To sum it up, people should get out of the Camry dream and just go and sit in another car(Intrepid, Taurus, Galant, Altima) and see where the Camry really stands up today. And forget the reliability story, just go and check the Camry Problem group to see the kind of ridicolous problems it has been having, not to mention the new "rattle" syndrome that just came up. Just go and sit and drive a new Taurus. Not only will it hold up(no rattles for 100K plus, but it will keep on going strong). Combine the excellent fit and finish quality to its strong European handling characteristics as well as its cheaper price, the real winner will be apparent.
  • Mike, I saw strides in my Mercusry Mystique in 1995. It tured out to be a bit of a mechanical nightmare. I thought, well the fit and finish is much better, as was the handling and comfort....and it was the 1st model year. Ford never stood behind the product and improved it even when it had initial glowing reviews...even a reccomendation by CR at one point. As my dealer pointed out, they gave up on it. Then come NEW Ford Focus, recognized world wide initially as the biggest piece of crap to come down the pike in some time. This is when I gave up on Ford and went with the Camry with high Expectations. To be honest, if the Camry fails me I'll switch back to Ford and save thousands but I can not justify the switch just yet. Perhaps the Best are going average but when looking at the Focus, it seems the average are falling equally.
  • lemkolemko Philadelphia, PAPosts: 15,306
    I went out to the Penn State - Michigan State game with my friend this Saturday. We took his new '03 Camry and almost didn't make it. On our way out of his driveway the fuse box fell out of the dashboard. I have never seen anything like this happen even on the cheapest Korean import. He could not shift nor start the car. After some fumbling with the wiring harness, we were able to correct the problem and were on our way. The car did get us to and from the game with no problem.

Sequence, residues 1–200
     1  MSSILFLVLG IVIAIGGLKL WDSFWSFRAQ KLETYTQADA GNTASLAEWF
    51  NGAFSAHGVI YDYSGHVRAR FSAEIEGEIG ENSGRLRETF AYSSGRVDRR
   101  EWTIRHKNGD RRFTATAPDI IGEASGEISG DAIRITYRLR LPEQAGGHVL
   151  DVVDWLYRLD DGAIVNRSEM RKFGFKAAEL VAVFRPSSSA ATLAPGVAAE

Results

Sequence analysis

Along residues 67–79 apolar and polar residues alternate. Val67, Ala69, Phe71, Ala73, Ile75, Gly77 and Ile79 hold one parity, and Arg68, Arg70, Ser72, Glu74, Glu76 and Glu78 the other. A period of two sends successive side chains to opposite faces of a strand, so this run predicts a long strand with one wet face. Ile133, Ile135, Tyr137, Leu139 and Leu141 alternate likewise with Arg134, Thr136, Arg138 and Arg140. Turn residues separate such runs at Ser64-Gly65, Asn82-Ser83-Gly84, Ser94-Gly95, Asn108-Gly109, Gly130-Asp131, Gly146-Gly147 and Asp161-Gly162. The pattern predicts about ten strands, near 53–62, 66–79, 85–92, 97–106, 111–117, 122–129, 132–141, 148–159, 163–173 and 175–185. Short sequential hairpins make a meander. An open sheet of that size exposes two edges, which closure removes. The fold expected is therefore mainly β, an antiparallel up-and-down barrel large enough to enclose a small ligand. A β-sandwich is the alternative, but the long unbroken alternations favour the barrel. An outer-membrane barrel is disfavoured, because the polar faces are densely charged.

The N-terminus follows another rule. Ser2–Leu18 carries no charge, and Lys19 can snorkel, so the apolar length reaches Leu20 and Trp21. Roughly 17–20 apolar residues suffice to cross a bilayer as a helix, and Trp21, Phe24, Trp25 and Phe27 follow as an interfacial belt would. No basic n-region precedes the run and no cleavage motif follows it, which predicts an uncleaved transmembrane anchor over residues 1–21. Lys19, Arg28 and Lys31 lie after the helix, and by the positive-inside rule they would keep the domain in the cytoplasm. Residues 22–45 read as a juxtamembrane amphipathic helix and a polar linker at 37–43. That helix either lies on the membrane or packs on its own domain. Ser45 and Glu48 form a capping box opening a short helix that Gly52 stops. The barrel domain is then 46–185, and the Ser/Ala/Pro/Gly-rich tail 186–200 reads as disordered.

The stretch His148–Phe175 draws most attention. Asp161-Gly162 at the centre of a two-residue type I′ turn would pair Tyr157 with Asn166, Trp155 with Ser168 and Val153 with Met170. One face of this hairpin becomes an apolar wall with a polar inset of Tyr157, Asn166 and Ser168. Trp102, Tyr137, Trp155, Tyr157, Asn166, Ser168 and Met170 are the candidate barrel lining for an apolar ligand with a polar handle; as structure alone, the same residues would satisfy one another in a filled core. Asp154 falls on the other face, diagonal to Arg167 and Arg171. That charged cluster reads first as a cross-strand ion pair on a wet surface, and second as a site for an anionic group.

Today I go with him to pick up his mother at work. He's parked at the entrance waiting for her and he notices the cover on the visor's vanity mirror is askew. Suddenly the cover comes off as he's trying to fix it. We made several attempts and did get the cover back on. I didn't say anything as I didn't want to make him feel bad, but I'm sure he was embarrassed to have me witness these quality bugaboos.
  • If you look at Toyota products over the last 20 years, their reliability has varied from average to the best there is. The average Toyotas tend to be new models or models produced in small numbers. Those that bought new Camrys happen to have bought a car with average reliability. Though I realize that the squeaks and rattles in a new Toyota are disappointing does anyone really want to switch from Toyota to Ford? Ford products are almost the mirror image of Toyotas. The best Ford products (Taurus, Crown Vic) have average reliability. The worst Ford products (Focus, Cougar) have very poor reliability. The 2002 Consumer Reports issue shows Ford Focus with almost 80% more problems than the average car! You may end of trading squeaks and rattles for multiple transmission failures, blown head gaskets, and other serious problems.
  • Well, after posting #58, I realized that I had left out some very important information.

    I wanted to compare my 1990 Chevrolet Lumina and a friend's 1992 Camry LE. I had the Lumina till 12/2000, when it was hit by a Ford F150 at an intersection. The hit occured at a right angle. The Lumina's bumper basically slid to the right, and the front of the hood became bent. Nevertheless, the car took a big hit, but the funny thing is that it ran like it was never hit. Even the A/C was fine.

    Coming back to the comparison, my Lumina in its 10 years required a water pump, Ignition Module($75), and brakes. Mileage was 145K when the insurance company took it away 12/2000.

    The friend's 92 Camry, however, required a new radiator, CV joints and boots, Engine mounts, Brake master cylinder, an enormous tuneup that cost $450, water pump. His A/C evaporator also developed a leak, thus all the freon escaped. He kept the Camry till 7/2002. Mileage was 150K.

    Basically, we both kept our cars for 10 years and mileage before disposal was almost the same. You can just look and come up with a reasonable conclusion that the Camry was not reliable at all. In fact, I was so sad that my Lumina got hit becuase I hated for it to go. In my experience, that car was basically bullet proof. Everything from the A/C to the transmission ran just like it did on its first day. If you don't call this reliable, I dont know what would be.